Forest Preserve District of Cook County, Illinois
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Exotic Animals
Nature Bulletin No. 440-A   January 15, 1972
Forest Preserve District of Cook County
George W. Dunne, President
Roland F. Eisenbeis, Supt. of Conservation

When people settle in a new land they always bring to it plants and animals that are strangers there. The early colonists in North America brought the seeds of grains, grasses, clovers, garden crops and flowers they grew in Europe. They brought horses, cattle, sheep, goats, swine, poultry, cats and dogs. They brought honeybees because there were none here. Unfortunately, mixed with their seeds or in forage for their animals, they brought the seeds of many pesky weeds. As stowaways, they brought rats, mice and injurious insects.

The colonists found a continent teeming with a great abundance and variety of wildlife, including billions of wild pigeons, ducks, geese and turkeys, but they brought their own domesticated kinds, including turkeys which had been introduced into Europe from Mexico by the Spaniards. It is a curious fact that our only domestic animal native to North America is this noble bird.

The Indians had one, the dog, but that was descended from those that accompanied their ancestors when they came here from Asia in prehistoric times. When explorers reached the Great Plains they found Indians riding mustangs, and herds of wild ones, descended from the horses brought by Spanish conquistadors. In Texas they found herds of wild longhorn cattle descended from those brought to Mexico in 1521.

Domesticated animals and plants can be controlled because they require man-made conditions and careful tending. But when a wild species is introduced into an area where it never lived before, there is no telling what may happen: either it will multiply and spread like wildfire or it will soon disappear. If it spreads, it may prey upon some native species, or crowd it out, or interbreed with them, or infect it with serious new diseases and parasites. These things happened when people began to import foreign kinds of wildlife.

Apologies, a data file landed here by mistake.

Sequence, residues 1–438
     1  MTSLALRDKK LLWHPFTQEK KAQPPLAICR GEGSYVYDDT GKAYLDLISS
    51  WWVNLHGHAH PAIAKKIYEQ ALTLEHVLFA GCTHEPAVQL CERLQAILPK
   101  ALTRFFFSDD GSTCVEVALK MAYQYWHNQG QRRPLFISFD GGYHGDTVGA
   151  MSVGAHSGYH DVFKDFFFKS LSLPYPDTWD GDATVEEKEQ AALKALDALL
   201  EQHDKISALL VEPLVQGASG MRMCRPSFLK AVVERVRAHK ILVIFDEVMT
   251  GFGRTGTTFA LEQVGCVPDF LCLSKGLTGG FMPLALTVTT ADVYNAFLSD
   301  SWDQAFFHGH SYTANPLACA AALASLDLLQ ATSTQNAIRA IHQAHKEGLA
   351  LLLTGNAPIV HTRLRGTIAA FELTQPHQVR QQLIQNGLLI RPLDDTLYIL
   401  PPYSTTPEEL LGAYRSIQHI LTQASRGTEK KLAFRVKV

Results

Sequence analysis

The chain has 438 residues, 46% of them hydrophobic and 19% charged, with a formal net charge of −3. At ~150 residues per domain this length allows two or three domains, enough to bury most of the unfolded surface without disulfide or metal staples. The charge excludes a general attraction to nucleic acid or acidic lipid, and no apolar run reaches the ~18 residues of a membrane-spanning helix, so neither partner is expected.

The nightingale and the skylark disappeared because the English sparrow, brought here in the 1850's to control insect pests, spread so fast that by 1875 it had crossed the continent. Similarly, the starling has increased enormously and become a pest since 1890 when 60 of them were released in Central Park, New York. Carp, introduced as a food fish in the 70's and sold for $80 per pair, have become a nuisance in streams and lakes all over the country.

Since our Gulf coast swamps were stocked with the Coypu or Nutria, a large aquatic rodent from South America, the more valuable muskrats are decreasing. On the other hand, when muskrats were introduced into California, England and Europe they became serious pests because they burrowed into earth dams and canal banks. The mongoose, brought to Hawaii and the West Indies for controlling rats, has played havoc with ground-nesting birds on those islands. Now, in some states, sportsmen are insisting that the large European or San Jua rabbit be imported to improve hunting, in spite of the fact that large parts of Australia were devastated by enormous numbers of this animal.

It is true that the ringneck pheasant furnishes sport for hunters in midwestern states where bobwhite quail and prairie chicken have become scarce. So does the Hungarian partridge in some places. Therefore, in areas where our native grouse are scarce, sportsmen want to bring in European grouse. Others suggest European or Asiatic deer for our western grasslands. Rather than introduce new species of wildlife, we should spend more thought and money on restoring habitats for native species.

What is our America to be -- a zoological garden?

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